As technology advances, its impact is felt more and more throughout our lives. One area that technology is only beginning to take hold of is the auto industry with companies such as Torc Robotics developing software to advance this requirement. Never before have we been closer to the promise of self-driving cars, or cars that are fully connected to the rest of our devices. Let’s take a look at some of the technology that is breaking barriers in today’s market.
Self-driving features have actually been implemented in cars for some time now. While most of the cars being manufactured today still need a driver, features like forward-collision warning, swerve correction, and parking assistance have been introduced to great success. Those options are not only widely hailed as important safety features, but they are quickly becoming standard features as well. It was only a few years ago when you would only expect to see features like swerving correction on higher-end car models like Volvo and Mercedes-Benz. Nowadays, companies like Honda and Nissan are including those same features as standard in many of their newer models.
Incorporating different technology into vehicles for various purposes has become a standard in many commercial sectors nowadays too. In-fact, for companies managing a fleet of vehicles, integrating their vehicles with software that can assist the driver as well as capture tons of other metrics for improvement can be very beneficial. Telematics systems (which you can find out here about) and other such solutions can even provide assistance with collision reduction and distracted driving with the help of AI; these systems can be seen as the first step on the road to semi-autonomous or fully autonomous vehicles.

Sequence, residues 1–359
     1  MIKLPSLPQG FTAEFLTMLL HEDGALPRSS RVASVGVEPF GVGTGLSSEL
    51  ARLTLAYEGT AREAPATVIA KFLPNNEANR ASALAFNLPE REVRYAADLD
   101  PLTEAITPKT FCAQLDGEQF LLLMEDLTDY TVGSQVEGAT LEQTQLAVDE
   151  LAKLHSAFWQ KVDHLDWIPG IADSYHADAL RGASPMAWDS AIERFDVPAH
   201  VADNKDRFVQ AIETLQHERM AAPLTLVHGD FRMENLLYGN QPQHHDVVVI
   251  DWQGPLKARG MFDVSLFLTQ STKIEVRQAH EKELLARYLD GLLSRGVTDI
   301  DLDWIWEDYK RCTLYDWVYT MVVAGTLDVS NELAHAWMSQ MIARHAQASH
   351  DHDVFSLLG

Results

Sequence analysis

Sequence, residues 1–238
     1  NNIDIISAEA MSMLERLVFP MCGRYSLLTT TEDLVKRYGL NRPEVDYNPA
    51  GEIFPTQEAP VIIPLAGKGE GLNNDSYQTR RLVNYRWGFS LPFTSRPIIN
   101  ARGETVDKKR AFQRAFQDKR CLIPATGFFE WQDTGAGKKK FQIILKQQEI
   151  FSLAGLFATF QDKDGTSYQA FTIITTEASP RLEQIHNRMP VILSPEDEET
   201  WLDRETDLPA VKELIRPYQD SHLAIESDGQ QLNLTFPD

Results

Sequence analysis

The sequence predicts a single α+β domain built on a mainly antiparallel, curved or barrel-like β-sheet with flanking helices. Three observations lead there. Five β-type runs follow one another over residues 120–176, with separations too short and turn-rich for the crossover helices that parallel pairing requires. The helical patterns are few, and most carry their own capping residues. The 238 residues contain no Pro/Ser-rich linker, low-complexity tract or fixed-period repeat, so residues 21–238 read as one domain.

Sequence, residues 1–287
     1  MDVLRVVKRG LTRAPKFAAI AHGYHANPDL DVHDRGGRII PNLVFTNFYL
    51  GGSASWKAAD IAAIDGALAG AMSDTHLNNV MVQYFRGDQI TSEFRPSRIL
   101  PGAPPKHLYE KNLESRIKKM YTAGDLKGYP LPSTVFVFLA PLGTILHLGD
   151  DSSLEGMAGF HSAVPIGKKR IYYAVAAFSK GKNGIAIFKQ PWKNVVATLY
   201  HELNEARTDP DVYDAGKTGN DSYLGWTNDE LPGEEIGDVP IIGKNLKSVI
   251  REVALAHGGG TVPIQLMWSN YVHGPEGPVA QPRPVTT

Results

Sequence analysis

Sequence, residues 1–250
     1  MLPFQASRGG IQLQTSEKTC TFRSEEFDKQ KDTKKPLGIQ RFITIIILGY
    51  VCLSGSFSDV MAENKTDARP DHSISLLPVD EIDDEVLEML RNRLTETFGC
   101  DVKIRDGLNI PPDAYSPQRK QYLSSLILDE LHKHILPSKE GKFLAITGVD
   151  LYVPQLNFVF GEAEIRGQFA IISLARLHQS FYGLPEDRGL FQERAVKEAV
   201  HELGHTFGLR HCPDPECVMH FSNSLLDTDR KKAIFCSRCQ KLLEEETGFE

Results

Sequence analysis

Of course, while those aspects of autonomous driving are useful from a safety standpoint, they don’t exactly fill you with excitement the way a true driverless car would. Not to fear though, Tesla has you covered. In fact, every Tesla model from the S to the X and the soon to be released Tesla Roadster have driverless capabilities. That’s right, no more wasting time in traffic if you don’t want to, or getting bored on long road trips. Much like the way the safety focused driverless features have expanded throughout the auto industry, you can expect the full driverless experience pioneered by Tesla to as well.
Not every advancement has to do with removing the driver from the equation however. In fact, a lot of the technological development in recent years has been devoted to giving drivers a better experience behind the wheel. Take adaptive suspension for example. Previously only found in high-end sports cars, these suspension systems are making their way towards the general public. An adaptive suspension system allows you to adjust your car’s suspension based on what your preference is. If you want to feel the road you can choose a “sport” suspension, while if you are just going for a cruise with your lady friend a “comfort” setting might be more appropriate. Either way the advantage is you can switch between your options at a moment’s notice.
As far as your media experience in cars goes, it is still expanding. Large display screens are becoming standard as well, with better touch response more similar to a smart phone than the touch screens of the past. Even cooler is gesture control, whereby you simply wave your hand or point at something to make it turn on or off. Recently introduced into the BMW 7 series, gesture control has a promising future as it requires less focus than touch screens to control, increasing safety.
As long as technology keeps improving so will cars. The future is bright, as companies continue to innovate and strive for a better driving experience.